Twenty-one Ontario doctors have signed a joint letter to Premier Doug Ford, urging him not to issue a new lockdown this fall because of rising COVID-19 case numbers.

Daily numbers of new cases have risen dramatically in recent days, with Ontario recording 700 new cases of COVID-19 on Monday – the highest number of new cases recorded in a single day.

However, the 21 doctors who signed the letter to the premier say another provincewide lockdown—similar to what was in place in the spring—would not be helpful.

"We are writing this letter in support of the governments’ plan to use a tactical localized approach, rather than sweeping new lockdown measures, to deal with the increasing COVID case numbers in Ontario," the letter says. 

"Lockdowns have been shown not to eliminate the virus. While they slow the spread of the virus, this only lasts as long as the lockdown lasts. This creates a situation where there is no way to end the lockdown, and society cannot move forward in vitally important ways including in the health sector, the economy and other critically important instrumental goods including education, recreation, and healthy human social interactions."

Speaking on Newstalk 580 CFRA's "The Morning Rush with Bill Carroll" in Ottawa, CTV's infectious disease specialist Dr. Neil Rau—a signatory of the letter—pointed to two data points to consider when looking at the spread of COVID-19.

"We're reacting to increased aggregate case numbers, but the percentage positive is not really as bad as it used to be," he said. "We're testing more people, so we're finding more cases […] We're driving our numbers up, it's worse than it was in the summer, but it's not what it was last winter and life has to go on."

Monday's 700 cases in Ontario came from 41,111 total tests, for a positive percentage rate of 1.7 per cent. On April 24, the previous watermark of 640 new cases in a single day, the result came from 12,295 tests, for a positive percentage rate of 5.2 per cent.

Testing capacity was lower in the spring than it is now, and testing criteria has changed over time; however, Dr. Rau and the other signatories of the letter said the increasing case numbers are not leading to unmanageable levels of hospitalizations.

"In Ontario and other parts of the world, such as the European Union, increasing case loads are not necessarily translating into unmanageable levels of hospitalizations and ICU admissions," the letter says.

The letter also points to other health impacts linked to the lockdown.

"Hard data now exist showing the significant negative health effects shutting down society has caused. Overdoses have risen 40% in some jurisdictions. Extensive morbidity has been experienced by those whose surgery has been cancelled, and the ramifications for cancer patients whose diagnostic testing was delayed has yet to be determined," the letter states.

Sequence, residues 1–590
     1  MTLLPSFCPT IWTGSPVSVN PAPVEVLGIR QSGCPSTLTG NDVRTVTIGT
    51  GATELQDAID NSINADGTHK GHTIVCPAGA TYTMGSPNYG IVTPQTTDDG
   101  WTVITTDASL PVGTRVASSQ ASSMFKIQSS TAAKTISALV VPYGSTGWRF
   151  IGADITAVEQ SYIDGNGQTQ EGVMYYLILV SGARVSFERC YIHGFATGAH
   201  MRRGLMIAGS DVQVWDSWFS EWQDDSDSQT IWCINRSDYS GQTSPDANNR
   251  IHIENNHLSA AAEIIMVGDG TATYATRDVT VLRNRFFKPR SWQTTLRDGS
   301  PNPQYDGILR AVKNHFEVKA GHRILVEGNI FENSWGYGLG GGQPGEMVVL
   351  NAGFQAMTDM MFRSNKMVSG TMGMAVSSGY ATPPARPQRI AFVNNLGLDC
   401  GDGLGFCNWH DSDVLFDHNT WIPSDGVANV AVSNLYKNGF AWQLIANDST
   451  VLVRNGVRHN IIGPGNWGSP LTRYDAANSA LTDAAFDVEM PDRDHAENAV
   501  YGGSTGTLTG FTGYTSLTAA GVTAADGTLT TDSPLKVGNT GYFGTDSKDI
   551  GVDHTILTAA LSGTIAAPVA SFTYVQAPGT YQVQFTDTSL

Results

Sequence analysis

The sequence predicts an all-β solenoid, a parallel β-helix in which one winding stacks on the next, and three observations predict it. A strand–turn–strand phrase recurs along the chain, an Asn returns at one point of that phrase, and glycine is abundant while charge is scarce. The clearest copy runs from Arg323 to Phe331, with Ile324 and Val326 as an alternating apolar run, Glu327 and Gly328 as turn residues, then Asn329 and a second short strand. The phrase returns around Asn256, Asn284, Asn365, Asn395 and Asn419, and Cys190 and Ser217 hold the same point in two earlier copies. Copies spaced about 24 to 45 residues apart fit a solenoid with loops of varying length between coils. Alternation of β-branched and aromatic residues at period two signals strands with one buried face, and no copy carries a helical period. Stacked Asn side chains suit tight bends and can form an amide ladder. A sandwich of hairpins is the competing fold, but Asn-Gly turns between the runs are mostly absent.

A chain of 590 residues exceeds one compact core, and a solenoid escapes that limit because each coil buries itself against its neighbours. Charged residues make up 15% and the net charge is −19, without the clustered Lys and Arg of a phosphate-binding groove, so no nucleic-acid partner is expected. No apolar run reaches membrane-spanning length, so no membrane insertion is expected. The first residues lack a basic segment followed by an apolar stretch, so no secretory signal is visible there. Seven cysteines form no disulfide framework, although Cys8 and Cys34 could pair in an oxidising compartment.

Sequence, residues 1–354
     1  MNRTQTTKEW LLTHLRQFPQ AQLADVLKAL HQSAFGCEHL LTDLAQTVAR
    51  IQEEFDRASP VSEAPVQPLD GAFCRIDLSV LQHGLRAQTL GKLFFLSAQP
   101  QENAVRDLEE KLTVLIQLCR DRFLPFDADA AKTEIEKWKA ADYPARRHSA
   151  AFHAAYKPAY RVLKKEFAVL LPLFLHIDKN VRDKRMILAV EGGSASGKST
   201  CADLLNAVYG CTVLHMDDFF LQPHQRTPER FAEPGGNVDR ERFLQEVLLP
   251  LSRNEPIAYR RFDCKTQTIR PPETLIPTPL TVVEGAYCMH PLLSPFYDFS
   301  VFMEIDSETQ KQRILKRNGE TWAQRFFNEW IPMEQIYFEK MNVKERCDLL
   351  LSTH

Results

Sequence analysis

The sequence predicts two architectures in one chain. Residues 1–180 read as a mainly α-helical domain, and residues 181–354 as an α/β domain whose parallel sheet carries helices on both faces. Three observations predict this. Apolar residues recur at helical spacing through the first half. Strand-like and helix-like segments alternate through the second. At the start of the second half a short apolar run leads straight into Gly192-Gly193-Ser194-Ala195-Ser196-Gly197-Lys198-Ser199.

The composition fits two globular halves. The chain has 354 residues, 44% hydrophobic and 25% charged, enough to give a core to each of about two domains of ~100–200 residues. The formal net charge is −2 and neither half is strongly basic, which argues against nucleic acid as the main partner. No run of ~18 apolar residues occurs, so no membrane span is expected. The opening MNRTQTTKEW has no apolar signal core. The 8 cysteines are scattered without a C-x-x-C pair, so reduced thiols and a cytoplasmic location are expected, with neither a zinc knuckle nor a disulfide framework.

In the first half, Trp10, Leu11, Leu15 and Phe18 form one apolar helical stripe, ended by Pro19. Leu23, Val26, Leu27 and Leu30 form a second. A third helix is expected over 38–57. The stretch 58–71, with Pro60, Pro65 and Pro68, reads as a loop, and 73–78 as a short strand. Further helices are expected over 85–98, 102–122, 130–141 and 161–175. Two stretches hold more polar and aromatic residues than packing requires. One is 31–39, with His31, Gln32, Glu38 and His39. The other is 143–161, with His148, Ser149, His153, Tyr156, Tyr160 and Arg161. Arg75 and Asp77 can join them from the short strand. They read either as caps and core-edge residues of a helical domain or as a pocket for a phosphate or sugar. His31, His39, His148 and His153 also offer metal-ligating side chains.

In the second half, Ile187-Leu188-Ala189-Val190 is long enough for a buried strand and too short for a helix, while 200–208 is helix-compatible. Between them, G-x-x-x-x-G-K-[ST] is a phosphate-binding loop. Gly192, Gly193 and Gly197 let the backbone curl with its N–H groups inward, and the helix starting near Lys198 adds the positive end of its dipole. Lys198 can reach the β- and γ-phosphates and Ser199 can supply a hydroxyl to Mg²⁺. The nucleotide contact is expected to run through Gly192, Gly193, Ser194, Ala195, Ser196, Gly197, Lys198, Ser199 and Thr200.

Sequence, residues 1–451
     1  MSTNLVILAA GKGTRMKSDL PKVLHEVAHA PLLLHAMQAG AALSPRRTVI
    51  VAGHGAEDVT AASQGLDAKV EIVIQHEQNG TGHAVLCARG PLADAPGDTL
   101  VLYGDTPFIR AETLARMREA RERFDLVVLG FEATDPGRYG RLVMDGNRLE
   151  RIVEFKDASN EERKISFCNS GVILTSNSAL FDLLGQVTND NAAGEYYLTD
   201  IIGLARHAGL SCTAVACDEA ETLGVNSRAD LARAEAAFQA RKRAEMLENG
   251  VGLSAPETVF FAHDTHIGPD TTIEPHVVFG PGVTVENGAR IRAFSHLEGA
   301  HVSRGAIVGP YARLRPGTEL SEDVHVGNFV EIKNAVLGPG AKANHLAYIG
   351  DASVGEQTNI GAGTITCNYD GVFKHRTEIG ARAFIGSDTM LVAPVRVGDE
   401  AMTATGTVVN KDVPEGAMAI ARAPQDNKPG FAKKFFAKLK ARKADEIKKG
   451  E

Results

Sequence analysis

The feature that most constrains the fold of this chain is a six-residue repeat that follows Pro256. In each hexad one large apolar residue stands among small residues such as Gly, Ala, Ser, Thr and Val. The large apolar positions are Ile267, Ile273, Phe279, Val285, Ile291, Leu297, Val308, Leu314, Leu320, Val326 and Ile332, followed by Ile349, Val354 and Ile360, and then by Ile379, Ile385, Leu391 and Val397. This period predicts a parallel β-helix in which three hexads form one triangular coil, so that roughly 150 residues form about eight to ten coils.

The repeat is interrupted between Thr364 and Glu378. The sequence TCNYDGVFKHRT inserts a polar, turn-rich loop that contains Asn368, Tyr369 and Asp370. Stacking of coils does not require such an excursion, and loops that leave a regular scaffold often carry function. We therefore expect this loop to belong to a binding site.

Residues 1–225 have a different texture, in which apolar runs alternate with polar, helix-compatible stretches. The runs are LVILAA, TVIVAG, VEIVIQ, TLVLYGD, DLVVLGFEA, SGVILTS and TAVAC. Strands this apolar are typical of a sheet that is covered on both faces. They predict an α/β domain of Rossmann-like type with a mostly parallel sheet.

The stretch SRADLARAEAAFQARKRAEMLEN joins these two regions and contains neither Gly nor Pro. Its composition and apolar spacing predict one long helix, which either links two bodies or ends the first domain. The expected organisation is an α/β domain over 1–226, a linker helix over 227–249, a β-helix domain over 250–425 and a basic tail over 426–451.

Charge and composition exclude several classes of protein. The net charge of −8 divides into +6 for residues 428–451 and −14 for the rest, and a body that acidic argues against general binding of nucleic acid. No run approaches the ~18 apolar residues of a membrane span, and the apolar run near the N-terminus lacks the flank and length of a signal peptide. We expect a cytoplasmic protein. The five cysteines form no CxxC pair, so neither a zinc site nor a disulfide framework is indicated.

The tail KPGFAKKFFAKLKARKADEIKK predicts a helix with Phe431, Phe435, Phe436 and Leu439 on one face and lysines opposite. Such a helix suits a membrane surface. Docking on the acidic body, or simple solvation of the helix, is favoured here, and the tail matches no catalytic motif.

"Economic harms are health harms," Dr. Rau told CFRA. "It sounds horrible to say, but it's true. Health is wealth. We all know this."

LETTER POINTS TO DISAGREEMENT AMONG HEALTH PROFESSIONALS

Other Ontario health professionals have been arguing for increased restrictions as cases rise.

Last week, the Ontario Hospital Association released a letter signed by 38 health professionals which called for immediate restrictions to be re-imposed on non-essential businesses, such as gyms, dine-in restaurants and bars, nightclubs, and theatres. It also calls on restrictions on other places where people can gather, such as places of worship.

The letter from the OHA said regions where the speed of transmission was underestimated are “now facing the consequence of increased hospitalization rates, including a rise in intensive care unit (ICU) admissions and more deaths.”

Hospitalizations in Ontario have been increasing, but have not yet reached the same level that was seen in the spring.

According to data from the Ontario government, there were 128 people in hospital in Ontario with COVID-19 complications on Monday—the day 700 new cases were recorded—up from 65 a week before; however, on April 24—when 640 new cases were recorded—government data shows that there were 910 people in hospital. The peak for hospitalizations in Ontario came in May, when there were days when more than 1,000 people were hospitalized. That number steadily decreased from May through the summer before it began going up again in September.

Speaking on CTV Morning Live Ottawa, infectious disease specialist Dr. Abdu Sharkawy suggested temporary restrictions on gathering would help curb the spread of COVID-19

"We don't want to see our hospitals overwhelmed," he said. "We're still waiting for flu season and a whole bunch of other respiratory viruses to hit us and our capacity to be challenged. We don't want that to happen. We need everybody to try and simplify their lives and minimize anything that's non-essential."

Dr. Sharkawy said regions where cases are rapidly rising may need to impose new restrictions to get the spread of the virus under control.

"I think it's abundantly clear that, particularly in hot spots like Ottawa, Toronto and Peel region, the situation is not well controlled," he said. "Sometimes you need blunt instruments, even if they're temporary in nature, to make sure that you curtail the spread of this virus because it gets away from us a lot more quickly than many of us can anticipate sometimes."

Dr. Sharkawy suggested hot spots follow the lead of Quebec, which imposed harsh restrictions on three areas in the province, including Montreal and Quebec City, banning private gatherings and closing bars and restaurant dining rooms.

"I think we should do it now," Dr. Sharkawy said of Ontario. "I think we all need to adopt an attitude and an approach that recognizes that we have to do what's absolutely necessary to keep everybody safe."

FULL LETTER FROM ONTARIO DOCTORS TO THE PREMIER

Dear Premier Ford,